Japan will finally help Manila having its first underground line. It is expected to be completed by 2025, according to Japanese authorities.
Manila suffocates under permanent traffic jam and little has been done so far to relieve the metropolis from its chronicle congestion. Public transport is quasi-inexistant with only three LRT lines, built some 30 years ago and are regularly subject to technical problems as they have not been maintained since their consttruction.
It is certainly a relief for Manila population to learn that the Philippines and Japan signed on Friday a P51.3-billion (US$1 billion) loan agreement for the construction of the first Metro Manila subway.
With a length of 30 km, the future line is expected to ease traffic gridlock in the capital. Total investment however is estimated to reach US7 billion (P356.96 billion) but Japan loan is likely to attract further financial assistance from outside. In total, Japan is ready to finance US$5.1 billion (P259.6 billion) split in three to four funding tranches. The loan is the biggest amount committed by the Japan International Cooperation Agency (JICA) to a single country.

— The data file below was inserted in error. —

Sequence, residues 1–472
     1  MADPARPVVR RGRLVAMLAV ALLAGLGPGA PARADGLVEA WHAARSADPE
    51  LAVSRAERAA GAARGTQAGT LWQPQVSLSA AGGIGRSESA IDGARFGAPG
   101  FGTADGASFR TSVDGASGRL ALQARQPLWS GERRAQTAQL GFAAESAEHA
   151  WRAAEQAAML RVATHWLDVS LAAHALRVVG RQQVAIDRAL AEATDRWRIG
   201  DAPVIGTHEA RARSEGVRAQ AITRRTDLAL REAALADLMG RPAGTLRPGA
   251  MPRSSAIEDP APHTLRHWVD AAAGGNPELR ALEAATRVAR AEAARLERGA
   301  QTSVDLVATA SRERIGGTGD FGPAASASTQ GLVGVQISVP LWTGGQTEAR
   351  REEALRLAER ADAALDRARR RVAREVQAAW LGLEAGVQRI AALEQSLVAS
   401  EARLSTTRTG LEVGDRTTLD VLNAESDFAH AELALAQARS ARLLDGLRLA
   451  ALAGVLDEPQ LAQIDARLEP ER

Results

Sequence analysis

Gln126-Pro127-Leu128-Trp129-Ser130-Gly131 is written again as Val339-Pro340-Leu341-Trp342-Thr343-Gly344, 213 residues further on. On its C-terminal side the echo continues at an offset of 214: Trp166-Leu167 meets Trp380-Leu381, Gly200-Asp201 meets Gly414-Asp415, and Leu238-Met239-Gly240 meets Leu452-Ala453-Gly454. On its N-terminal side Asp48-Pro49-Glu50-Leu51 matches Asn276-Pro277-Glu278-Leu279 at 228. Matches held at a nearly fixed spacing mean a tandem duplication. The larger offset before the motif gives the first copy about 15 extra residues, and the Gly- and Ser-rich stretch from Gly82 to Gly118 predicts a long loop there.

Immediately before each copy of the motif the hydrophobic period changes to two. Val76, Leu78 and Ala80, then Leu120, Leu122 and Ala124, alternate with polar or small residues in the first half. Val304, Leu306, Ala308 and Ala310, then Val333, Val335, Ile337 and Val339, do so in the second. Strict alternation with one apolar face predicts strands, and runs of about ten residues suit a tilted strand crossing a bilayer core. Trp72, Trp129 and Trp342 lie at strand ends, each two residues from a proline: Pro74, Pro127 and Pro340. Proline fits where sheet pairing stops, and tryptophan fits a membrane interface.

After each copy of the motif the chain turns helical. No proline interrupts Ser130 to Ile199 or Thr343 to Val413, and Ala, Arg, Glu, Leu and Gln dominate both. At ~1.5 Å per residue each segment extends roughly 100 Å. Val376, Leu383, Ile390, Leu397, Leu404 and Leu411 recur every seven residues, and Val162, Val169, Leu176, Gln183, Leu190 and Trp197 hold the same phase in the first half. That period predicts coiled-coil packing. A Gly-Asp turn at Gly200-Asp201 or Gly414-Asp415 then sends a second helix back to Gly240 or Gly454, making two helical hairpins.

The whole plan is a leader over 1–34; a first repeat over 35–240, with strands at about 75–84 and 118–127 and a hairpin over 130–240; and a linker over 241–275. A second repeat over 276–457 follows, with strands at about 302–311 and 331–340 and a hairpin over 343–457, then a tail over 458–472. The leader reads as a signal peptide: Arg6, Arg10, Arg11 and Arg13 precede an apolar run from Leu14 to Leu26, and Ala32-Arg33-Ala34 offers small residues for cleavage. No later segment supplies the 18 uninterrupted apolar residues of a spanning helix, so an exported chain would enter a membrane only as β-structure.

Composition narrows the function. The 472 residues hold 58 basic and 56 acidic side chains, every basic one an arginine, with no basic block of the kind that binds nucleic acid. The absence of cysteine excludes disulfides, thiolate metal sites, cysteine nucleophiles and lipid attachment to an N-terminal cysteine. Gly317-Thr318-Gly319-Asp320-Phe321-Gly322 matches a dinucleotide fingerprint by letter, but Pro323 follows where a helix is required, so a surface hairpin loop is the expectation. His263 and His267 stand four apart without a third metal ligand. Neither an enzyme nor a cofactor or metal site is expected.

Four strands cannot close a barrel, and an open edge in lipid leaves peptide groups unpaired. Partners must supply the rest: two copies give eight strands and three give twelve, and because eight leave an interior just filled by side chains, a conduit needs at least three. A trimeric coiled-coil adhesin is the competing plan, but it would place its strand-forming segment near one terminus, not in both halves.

The subway project comprises 14 to 16 stations and is expected to be completed in 2025 but a very small protion (three to four stations) could go into service by 2022. Once completed, Manila first metro line would connect Manila Ninoy Aquino International Airport (NAIA) to Quezon City. It could then be further expanded to Bulacan and Cavite, north and south of Metro Manila.
A recent study by JICA revealed that traffic cost in the Philippines has worsened to P3.5 billion a day in 2017. The Metro project is part of the Duterte administration plan to invest into transportation and infrastructure to help economic development. “The timely completion of the subway project will crown the aggressive infrastructure program the administration of President [Rodrigo] Duterte has initiated,” Philippine Finance Secretary Carlos Dominguez III said.The modernisation plan for the infrastructure is estimated to cost US$157 billion (P8-trillion) in total.